The Real Reason New College Grads Can’t Get Hired

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It’s because college kids today can’t do math, one line of reasoning goes. Or they don’t know science. Or they’re clueless about technology, aside from their myriad social-media profiles. These are all good theories, but the problem with the unemployability of these young adults goes way beyond a lack of STEM skills. As it turns out, they can’t even show up on time in a button-down shirt and organize a team project. 

The technical term for navigating a workplace effectively might be soft skills, but employers are facing some hard facts: the entry-level candidates who are on tap to join the ranks of full-time work are clueless about the fundamentals of office life.

survey by the Workforce Solutions Group at St. Louis Community College finds that more than 60% of employers say applicants lack “communication and interpersonal skills” — a jump of about 10 percentage points in just two years. A wide margin of managers also say today’s applicants can’t think critically and creatively, solve problems or write well.

Another employer survey, this one by staffing company Adecco, turns up similar results. The company says in a statement, “44% of respondents cited soft skills, such as communication, critical thinking, creativity and collaboration, as the area with the biggest gap.” Only half as many say a lack of technical skills is the pain point.

As much as academics go on about the lack of math and science skills, bosses are more concerned with organizational and interpersonal proficiency. The National Association of Colleges and Employers surveyed more than 200 employers about their top 10 priorities in new hires. Overwhelmingly, they want candidates who are team players, problem solvers and can plan, organize and prioritize their work. Technical and computer-related know-how placed much further down the list.

Jobs are going unfilled as a result, which hurts companies and employees. The annual global Talent Shortage Survey from ManpowerGroup finds that nearly 1 in 5 employers worldwide can’t fill positions because they can’t find people with soft skills. Specifically, companies say candidates are lacking in motivation, interpersonal skills, appearance, punctuality and flexibility.

(MORE: Black Swan Event: The Beginning of the End of Unpaid Internships)

One thing that does appear to make a difference is internships, according to a Harris Interactive survey of more than 2,000 college students and 1,000 hiring managers on behalf of textbook company Chegg: more than 80% of employers want new grads they hire to have completed a formal internship, but only 8% of students say interning in a field related to their major is something they spend a lot of time doing. Instead, the top extracurricular activities are hanging out with friends, working in an unrelated job and eating out.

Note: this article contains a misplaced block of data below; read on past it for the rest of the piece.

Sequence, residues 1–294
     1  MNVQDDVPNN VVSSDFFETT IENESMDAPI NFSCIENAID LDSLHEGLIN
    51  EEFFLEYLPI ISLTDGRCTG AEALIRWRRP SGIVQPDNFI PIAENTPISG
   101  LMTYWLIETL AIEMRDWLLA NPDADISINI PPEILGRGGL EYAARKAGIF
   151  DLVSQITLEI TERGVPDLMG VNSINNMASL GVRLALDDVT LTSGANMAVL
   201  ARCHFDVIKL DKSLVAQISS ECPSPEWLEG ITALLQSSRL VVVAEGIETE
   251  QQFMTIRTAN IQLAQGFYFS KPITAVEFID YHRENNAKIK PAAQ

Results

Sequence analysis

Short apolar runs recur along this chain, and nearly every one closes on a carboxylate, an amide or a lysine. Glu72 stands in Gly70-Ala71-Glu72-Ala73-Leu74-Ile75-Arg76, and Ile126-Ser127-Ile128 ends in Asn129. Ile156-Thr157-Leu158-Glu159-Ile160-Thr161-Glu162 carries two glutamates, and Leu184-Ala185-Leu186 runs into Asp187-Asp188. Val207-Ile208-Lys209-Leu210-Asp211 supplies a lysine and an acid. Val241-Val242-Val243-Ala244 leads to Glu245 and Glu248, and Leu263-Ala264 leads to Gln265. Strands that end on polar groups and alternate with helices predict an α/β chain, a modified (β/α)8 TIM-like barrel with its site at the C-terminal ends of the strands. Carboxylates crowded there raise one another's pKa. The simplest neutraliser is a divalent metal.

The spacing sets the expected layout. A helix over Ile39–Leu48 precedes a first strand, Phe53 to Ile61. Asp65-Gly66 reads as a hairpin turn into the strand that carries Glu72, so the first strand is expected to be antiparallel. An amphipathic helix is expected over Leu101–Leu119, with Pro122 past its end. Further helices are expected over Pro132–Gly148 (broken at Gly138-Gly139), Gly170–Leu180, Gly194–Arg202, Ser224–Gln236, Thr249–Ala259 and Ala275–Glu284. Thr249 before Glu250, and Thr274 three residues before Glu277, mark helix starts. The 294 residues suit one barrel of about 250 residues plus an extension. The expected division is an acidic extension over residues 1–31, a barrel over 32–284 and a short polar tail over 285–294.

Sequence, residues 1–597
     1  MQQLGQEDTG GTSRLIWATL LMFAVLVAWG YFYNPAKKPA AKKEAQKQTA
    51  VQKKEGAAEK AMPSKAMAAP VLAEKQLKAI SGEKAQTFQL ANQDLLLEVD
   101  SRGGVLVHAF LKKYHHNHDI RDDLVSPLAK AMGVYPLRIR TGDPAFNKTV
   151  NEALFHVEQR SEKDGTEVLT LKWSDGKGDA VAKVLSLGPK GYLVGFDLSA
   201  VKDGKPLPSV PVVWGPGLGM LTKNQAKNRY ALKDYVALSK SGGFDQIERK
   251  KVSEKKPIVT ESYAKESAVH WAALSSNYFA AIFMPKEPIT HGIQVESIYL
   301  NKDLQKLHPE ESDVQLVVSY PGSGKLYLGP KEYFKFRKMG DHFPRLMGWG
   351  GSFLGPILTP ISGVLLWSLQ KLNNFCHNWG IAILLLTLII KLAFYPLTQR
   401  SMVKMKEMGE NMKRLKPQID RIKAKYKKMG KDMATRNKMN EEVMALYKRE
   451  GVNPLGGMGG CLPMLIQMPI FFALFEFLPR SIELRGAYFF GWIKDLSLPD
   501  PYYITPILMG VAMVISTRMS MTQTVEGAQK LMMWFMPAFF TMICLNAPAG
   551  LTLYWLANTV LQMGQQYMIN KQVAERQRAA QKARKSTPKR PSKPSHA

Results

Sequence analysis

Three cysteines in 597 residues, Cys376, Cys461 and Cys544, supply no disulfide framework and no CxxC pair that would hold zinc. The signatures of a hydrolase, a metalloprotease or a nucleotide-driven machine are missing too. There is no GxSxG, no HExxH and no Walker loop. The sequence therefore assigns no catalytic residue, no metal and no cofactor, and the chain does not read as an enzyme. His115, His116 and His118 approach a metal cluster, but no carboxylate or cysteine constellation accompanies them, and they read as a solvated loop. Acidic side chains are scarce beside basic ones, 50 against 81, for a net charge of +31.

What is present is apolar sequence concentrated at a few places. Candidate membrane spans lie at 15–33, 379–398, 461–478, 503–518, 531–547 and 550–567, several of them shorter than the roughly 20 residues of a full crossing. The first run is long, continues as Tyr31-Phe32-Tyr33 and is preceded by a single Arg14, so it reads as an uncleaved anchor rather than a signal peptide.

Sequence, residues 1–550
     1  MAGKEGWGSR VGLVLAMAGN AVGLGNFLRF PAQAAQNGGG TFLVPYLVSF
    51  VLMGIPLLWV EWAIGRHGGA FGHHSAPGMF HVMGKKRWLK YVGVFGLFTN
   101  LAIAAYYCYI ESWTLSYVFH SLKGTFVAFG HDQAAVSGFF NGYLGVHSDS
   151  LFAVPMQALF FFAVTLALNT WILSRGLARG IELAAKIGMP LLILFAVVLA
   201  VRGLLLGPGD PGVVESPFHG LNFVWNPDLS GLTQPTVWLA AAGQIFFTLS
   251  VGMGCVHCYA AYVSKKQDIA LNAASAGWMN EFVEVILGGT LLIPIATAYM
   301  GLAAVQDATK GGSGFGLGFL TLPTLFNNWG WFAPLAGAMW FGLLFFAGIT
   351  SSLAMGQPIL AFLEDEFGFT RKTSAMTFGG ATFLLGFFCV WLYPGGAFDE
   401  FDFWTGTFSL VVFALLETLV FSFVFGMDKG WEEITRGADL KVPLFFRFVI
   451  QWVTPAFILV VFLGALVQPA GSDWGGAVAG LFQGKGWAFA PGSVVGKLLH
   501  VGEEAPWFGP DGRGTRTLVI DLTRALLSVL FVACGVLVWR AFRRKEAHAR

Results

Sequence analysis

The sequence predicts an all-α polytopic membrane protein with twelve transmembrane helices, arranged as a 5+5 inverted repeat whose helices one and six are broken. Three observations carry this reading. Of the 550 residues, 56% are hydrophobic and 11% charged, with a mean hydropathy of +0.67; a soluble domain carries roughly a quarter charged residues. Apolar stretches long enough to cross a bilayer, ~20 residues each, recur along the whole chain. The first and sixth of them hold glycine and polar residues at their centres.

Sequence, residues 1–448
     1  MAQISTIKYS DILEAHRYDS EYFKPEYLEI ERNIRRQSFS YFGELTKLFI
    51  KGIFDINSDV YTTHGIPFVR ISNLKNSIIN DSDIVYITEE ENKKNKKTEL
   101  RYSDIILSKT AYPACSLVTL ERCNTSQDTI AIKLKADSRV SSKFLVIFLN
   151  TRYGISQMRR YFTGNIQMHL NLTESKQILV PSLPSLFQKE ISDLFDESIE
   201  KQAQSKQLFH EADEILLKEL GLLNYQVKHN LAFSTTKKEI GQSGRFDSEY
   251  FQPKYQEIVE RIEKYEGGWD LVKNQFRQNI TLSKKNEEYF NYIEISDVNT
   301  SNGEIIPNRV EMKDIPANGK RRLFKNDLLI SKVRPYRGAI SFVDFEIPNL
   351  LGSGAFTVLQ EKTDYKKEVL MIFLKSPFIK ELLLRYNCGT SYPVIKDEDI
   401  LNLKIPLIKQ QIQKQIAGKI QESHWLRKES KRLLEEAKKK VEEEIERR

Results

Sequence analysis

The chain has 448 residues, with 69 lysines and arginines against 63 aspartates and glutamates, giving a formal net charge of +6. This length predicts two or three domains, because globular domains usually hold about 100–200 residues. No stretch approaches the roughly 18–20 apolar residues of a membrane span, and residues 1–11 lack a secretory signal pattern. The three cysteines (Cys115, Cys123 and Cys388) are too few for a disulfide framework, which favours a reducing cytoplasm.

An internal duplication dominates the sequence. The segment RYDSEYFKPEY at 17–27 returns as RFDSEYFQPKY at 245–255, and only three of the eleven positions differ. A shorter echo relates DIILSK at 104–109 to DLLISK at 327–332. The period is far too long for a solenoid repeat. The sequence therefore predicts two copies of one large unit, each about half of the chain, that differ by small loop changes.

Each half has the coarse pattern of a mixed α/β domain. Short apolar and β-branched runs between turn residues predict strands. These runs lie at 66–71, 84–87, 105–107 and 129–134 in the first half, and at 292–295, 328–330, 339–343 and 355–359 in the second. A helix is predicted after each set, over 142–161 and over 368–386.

And all internships are not created equal. Overall, only about half of college grads say they’re prepared for the workplace — and the number of bosses who think they’re prepared is lower than 40%.

Among students who don’t intern, only 44% consider themselves ready for the job market. That improves for students with unpaid internships; 58% say they’re prepared for the workplace. But among students who complete paid internships, that number jumps to 70%.

Part of the problem is that you don’t know what you don’t know, as the saying goes. Harris Interactive found a huge gap between students’ perceptions of their abilities and managers’ perceptions of those same skills.

(MORE: Three Little Words to Never Say in an Interview)

None of the students think they’re entirely prepared for the workforce, but they’re a lot more confident than the managers surveyed.

There’s a 22-percentage-point difference between the two groups’ assessment of the students’ financial skills, which Inside Higher Ed calls “alarming,” in an article about the research. Managers also take a much dimmer view of students’ abilities to communicate with authority figures, prioritize and organize their work, manage projects, work in teams and with diverse groups.

It’s just harder to teach these skills, experts say. “It is hard to correct a lifetime of bad habits in a short period of time,” Roderick Nunn, vice chancellor for economic development and workforce solutions at St. Louis Community College, tells the St. Louis Beacon.

785 comments
EricKorbly
EricKorbly

I'm calling this article complete garbage. Who are these so called managers who make blanket statements about recent grads? I show up on time & I wear very nice